"Projects" like this end up resembling the Frankenstein monster.
They NEVER actually die.
Watch for this to come back under a different guise and show up in front of a different agency that few know much about and that no one monitors.
Maybe even "PortKC".
It never changes.

Anonymous said...

Actually, I am familiar with the plan, developers and feel this project is worthy of the TIF incentive. If it was rejected, its because people don’t understand the details. Kansas City lacks any high quality hotel. Even the Intercontinental doesn’t compare with what their trying to accomplish. A convention hotel works fundamentally different than this project. Two different classes of hotels and it is designed to compliment the Kaufman and provide traveling artists with the accommodations that they deserve.

Anonymous said...

The downtown renaissance is probably not dead, but hopefully the taxpayer-funded renaissance is.

Anonymous said...

^^^ unfortunately they're one in the same. Almost all of the development has been propped up by taxpayer subsidies and very little private investment except for one or two hotels.

Anonymous said...

This can be a unique asset. a glittering gem. spending $63mm is a small price for this level of luxury. Clearly the majority of people are incapable of understanding this. You should be grateful. The brand is really too good for most of you people.

Anonymous said...

@7:18 and @8:33, stop poking the animals with a stick, a few of them will actually believe you mean the bullshit you're posting.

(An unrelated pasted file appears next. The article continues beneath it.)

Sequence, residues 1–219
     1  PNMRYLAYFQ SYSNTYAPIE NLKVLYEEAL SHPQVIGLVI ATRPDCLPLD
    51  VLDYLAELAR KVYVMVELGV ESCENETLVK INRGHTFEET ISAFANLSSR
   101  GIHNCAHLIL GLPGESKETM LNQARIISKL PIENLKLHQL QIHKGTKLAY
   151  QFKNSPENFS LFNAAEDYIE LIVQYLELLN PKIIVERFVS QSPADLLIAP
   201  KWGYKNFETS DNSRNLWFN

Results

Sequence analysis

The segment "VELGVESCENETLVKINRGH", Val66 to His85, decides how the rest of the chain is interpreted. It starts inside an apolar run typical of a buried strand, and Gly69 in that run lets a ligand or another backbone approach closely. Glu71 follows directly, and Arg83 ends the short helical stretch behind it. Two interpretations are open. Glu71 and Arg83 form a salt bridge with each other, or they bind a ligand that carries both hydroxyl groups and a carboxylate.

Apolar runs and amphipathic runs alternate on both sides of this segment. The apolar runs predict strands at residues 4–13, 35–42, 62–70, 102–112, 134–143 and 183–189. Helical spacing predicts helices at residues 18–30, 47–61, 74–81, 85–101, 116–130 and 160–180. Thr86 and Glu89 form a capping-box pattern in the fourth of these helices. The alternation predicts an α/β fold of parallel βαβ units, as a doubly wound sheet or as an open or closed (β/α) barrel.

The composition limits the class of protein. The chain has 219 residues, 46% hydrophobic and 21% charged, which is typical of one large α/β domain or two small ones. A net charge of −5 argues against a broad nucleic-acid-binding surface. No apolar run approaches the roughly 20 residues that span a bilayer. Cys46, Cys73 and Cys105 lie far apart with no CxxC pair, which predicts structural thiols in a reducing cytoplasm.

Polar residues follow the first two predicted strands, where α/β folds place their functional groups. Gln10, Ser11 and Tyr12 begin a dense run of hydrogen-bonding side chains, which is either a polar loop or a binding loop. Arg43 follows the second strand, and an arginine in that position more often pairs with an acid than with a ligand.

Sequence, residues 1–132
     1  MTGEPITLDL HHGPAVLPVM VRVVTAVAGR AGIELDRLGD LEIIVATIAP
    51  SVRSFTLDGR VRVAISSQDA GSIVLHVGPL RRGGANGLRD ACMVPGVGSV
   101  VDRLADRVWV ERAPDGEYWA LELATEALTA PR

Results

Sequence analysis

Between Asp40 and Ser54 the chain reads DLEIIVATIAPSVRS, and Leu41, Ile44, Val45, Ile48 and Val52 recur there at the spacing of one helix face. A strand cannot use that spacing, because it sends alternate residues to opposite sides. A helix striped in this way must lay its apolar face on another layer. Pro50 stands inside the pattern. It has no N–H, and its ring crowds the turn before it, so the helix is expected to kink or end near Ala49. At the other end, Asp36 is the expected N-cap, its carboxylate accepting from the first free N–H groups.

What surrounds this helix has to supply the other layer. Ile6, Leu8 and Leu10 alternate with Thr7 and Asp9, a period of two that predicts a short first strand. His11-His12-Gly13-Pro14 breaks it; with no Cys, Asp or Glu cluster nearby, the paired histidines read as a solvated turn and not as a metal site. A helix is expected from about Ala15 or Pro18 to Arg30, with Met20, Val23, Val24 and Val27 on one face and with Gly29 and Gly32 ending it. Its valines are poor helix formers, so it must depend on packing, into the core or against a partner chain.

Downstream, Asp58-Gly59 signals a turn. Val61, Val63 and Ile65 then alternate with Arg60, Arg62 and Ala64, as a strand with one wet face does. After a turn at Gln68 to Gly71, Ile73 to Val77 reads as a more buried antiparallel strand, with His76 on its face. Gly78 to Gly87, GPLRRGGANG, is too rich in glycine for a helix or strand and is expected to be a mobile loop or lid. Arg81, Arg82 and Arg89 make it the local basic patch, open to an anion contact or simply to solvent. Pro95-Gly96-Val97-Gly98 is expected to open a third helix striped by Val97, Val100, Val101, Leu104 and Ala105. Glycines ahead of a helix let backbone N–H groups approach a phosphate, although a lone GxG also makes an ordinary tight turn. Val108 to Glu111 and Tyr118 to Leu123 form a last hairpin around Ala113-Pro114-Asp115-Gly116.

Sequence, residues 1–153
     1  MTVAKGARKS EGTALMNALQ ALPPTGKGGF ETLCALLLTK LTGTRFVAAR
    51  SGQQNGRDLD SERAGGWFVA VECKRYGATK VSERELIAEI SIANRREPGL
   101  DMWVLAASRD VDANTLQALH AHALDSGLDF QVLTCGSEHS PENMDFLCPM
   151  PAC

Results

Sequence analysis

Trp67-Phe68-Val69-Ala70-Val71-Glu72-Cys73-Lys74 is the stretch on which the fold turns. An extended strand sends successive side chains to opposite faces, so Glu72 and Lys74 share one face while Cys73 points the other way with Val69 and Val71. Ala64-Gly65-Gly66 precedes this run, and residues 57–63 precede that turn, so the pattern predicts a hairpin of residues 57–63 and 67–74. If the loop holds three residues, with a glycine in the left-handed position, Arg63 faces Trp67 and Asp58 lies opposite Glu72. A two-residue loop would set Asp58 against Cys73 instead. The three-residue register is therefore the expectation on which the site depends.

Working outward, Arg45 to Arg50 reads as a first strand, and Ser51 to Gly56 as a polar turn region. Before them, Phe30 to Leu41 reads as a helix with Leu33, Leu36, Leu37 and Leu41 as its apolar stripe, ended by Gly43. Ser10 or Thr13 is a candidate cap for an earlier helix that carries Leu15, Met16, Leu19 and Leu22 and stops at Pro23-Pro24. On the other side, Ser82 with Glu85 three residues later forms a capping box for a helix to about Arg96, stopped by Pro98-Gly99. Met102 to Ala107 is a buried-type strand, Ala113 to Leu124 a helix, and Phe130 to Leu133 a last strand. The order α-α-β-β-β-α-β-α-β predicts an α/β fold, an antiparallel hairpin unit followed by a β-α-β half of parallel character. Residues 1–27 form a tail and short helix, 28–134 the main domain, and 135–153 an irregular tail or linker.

Anonymous said...

If there is demand, the private sector should fund it! What happened to Capitalism.... Copaken, Kerr, Frantze, KC Chamber? You are just a bunch of State Socialists, Crony Capitalists!

It’s time to name names!!!

Anonymous said...

9:07 Nope, if any project deserved the TIF approval, it was this one. Numerous other project before it did not... and that left a bad taste. Now, we have a viable project that meets the standard and protocols, they reject the project that actually makes sense. Typical Kansas City bullshit... and Trash Nash is behind it.

Hyperblogal said...

Visit KC says our town has 25-million visitors a year and the agency is celebrated; Visit KC says we have too many hotel rooms and the agency is audited. You can have it both ways....you just have to ignore common sense.

Anonymous said...

This is a bird in the hand vs. 2 in the bush scenario:

The property currently pays $0.00 in taxes (it only pays TDD taxes for the streetcar) due to a charitable exemption. The development would have increased the tax revenues from the site significantly in the first year and more after the TIF expires.

The city and taxing jurisdictions are betting on another developer coming around soon who will ask for fewer or no incentives on the thought that this property is in high demand.

If that's not the case, then the taxing jurisdictions will continue to get zilch.

It is easier from a political standpoint to take a stand against "giveaways to wealthy developers" than to explain the costs/benefits and risks of approving the incentives vs. voting them down.

It is ultimately a game of leverage and poker. I think the development team on this project thought they had more leverage, given that the property is worthless from a tax revenue standpoint in its current state.

All city/county revenues come from the private sector and until government can generate revenues on its own (which it can't unless its the federal gov.) then their will always have to be some give and take on these type of deals.